The Internal Revenue Service (IRS) imposes various penalties when people owe back taxes. This is to provide an incentive for taxpayers to resolve their tax debt. The IRS FAST Act is a policy that affects passports for people who owe serious delinquent tax debt. If you are wondering, “What is the IRS FAST ACT?” consider contacting a tax lawyer from Damiens Law for assistance. You can reach us at (601) 957-9672.
FAST Act basics
The Fixing America’s Surface Transportation Act (FAST Act) allows the IRS to cause a taxpayer to have their passport application or renewal rejected by the State Department. The IRS notifies the State Department of taxpayers the agency has certified as owing a significant delinquent tax debt. If a certified taxpayer submits an application to apply for a passport or renew their existing passport, the State Department must deny it. Additionally, the State Department has the discretion to revoke the passport of certified taxpayers or limit the taxpayer’s ability to travel abroad.
Purpose of the IRS FAST Act
The FAST Act is intended to create an incentive for taxpayers to resolve their tax debt. If they want to travel abroad or frequently travel overseas for work, their ability to do so can be hindered by not paying off their back tax debt. The law codifies the government’s ability to restrict passports for people who owe a large amount of unresolved tax debt.
What is seriously delinquent tax debt?
Generally, the IRS considers a significant delinquent tax debt as owing $52,000 or more in back taxes.
Exceptions to seriously delinquent tax debt leading to decertification
I.R.C. § 7345 and the FAST Act provide a number of exceptions so that taxpayers will not be certified to the State Department as having a serious delinquent tax debt and have their passport eligibility affected. These exceptions include:
- The taxpayer is currently paying off their debt with an installment agreement
- The taxpayer is paying off tax debt in a timely manner pursuant to an offer in compromise
- The taxpayer has made a settlement agreement with eh Department of Justice
- The taxpayer has made a claim for innocent spouse relief and collection is suspended
- Collection is suspended because the taxpayer has requested a CDP hearing
- The taxpayer is currently serving in a combat zone
These exceptions automatically apply. However, there are additional discretionary exceptions that can prevent a taxpayer from being certified to the State Department. According to the IRS, current discretionary exclusions include:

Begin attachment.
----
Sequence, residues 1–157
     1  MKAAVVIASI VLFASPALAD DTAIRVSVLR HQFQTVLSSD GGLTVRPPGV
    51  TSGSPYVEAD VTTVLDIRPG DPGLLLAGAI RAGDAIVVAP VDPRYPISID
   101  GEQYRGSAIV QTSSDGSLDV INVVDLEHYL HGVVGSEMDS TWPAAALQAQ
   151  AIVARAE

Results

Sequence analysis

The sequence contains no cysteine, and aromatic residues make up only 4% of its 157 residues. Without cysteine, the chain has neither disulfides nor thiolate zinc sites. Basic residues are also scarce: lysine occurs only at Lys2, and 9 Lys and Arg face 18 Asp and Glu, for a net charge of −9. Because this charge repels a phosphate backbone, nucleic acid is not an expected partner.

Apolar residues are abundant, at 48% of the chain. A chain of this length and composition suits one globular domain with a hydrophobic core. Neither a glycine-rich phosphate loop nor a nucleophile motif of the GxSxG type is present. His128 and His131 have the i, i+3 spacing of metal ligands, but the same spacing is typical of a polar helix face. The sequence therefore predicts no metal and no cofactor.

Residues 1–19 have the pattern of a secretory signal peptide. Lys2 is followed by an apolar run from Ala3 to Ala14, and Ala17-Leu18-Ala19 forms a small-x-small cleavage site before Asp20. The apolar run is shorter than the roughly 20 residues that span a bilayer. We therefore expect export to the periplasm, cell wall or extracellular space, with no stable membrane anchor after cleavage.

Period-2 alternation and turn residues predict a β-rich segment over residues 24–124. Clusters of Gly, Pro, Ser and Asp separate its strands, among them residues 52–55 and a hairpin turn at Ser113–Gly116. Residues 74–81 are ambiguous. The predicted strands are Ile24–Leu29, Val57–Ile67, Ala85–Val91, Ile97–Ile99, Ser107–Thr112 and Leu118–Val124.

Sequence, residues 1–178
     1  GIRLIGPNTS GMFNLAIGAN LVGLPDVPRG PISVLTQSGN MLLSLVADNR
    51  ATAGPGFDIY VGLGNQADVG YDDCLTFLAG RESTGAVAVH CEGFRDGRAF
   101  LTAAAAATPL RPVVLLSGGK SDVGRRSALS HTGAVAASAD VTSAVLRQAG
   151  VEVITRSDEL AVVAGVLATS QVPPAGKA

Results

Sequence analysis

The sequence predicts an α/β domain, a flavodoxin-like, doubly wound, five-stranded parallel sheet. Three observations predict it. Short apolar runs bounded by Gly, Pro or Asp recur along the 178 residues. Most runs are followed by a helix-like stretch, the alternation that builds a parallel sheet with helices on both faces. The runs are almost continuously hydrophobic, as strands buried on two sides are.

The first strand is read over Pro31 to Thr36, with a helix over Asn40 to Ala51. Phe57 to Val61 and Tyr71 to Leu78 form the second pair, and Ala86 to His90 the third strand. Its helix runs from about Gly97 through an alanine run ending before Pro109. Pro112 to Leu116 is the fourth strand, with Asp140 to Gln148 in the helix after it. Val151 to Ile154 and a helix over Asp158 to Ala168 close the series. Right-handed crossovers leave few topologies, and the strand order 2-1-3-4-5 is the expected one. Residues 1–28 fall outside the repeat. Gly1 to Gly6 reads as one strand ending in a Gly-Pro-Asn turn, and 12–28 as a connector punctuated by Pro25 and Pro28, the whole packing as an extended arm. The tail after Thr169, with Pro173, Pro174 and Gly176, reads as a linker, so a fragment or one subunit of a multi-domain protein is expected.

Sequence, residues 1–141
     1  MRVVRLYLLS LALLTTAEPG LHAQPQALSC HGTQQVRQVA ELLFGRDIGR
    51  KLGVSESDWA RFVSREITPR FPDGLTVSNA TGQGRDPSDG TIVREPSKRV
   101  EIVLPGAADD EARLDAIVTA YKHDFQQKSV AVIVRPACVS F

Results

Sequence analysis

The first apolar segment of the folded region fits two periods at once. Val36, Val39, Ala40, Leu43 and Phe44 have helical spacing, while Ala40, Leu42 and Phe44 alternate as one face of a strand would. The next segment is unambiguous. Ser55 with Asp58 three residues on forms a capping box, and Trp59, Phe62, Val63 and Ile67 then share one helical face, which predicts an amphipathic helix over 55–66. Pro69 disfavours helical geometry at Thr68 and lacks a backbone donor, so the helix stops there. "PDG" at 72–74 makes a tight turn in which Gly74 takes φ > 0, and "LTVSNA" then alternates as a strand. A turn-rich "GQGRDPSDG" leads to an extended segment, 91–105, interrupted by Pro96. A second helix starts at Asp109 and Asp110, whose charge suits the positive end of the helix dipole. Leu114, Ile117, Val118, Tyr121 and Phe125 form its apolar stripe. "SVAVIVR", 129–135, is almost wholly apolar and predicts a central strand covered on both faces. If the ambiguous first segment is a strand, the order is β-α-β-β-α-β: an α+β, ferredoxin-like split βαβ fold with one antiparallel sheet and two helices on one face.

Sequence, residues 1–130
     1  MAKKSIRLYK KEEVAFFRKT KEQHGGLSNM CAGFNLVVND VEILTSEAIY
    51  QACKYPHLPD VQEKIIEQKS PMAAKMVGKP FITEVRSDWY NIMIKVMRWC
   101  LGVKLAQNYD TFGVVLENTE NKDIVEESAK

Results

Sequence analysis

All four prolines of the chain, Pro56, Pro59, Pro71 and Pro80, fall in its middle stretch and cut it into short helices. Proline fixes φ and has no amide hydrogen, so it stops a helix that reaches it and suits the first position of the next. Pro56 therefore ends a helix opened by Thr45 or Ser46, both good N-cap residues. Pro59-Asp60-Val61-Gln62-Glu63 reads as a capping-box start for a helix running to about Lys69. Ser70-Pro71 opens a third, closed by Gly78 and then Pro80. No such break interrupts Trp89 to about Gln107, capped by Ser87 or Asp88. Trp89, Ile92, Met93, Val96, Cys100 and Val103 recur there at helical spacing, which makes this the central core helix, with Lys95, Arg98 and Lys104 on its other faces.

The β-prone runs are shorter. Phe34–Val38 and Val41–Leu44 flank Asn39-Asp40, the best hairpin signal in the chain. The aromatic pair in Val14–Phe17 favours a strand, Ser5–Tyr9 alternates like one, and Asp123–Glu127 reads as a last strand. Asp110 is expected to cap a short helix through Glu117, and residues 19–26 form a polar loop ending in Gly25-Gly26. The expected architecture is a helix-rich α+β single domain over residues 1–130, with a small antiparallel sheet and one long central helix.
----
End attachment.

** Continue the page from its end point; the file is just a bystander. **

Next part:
- The taxpayer is currently in bankruptcy
- The tax debt is due to identify theft
- The taxpayer has made an offer in compromise to the IRS that is currently pending a decision
- The taxpayer lives in an area that has been federally declared as a disaster area
- The IRS has granted an accepted adjustment that will satisfy the tax debt
- The taxpayer has requested to enter into an installment agreement with the IRS
- The IRS has determined the tax debt is not collectible due to hardship|
Additionally, the Secretary of State can opt not to certify a taxpayer for emergency situations or humanitarian purposes.
What is the process to deny or revoke a passport?
The process to certify a taxpayer as having a seriously delinquent tax debt and ultimately deny or revoke their passport involves the following steps:
IRS certifies the taxpayer
The IRS must determine that the taxpayer has an unpaid and legally enforceable federal tax liability of $52,000 or more. This total can include interests and penalties. The IRS must also be able to demonstrate that it has taken appropriate steps to collect the debt by:
- Issuing a tax lien notice
- Giving the taxpayer the opportunity to exhaust their administrative rights
- Issuing a tax levy
The IRS must have issued a Final Notice of Intent to Levy to the taxpayer and notified them of their right to a CDP hearing or have already issued a tax levy.
IRS provides notice
The IRS issues a certification of a significant and serious delinquent tax debt to the State Department and also provides notification to the taxpayer of this certification. The notification informs the taxpayer that the IRS has notified the State Department of the delinquency and that their passport will be revoked.
Taxpayers can challenge the action
Once the taxpayer becomes aware of this possible action, the taxpayer can challenge the certification.
State Department does not issue a new passport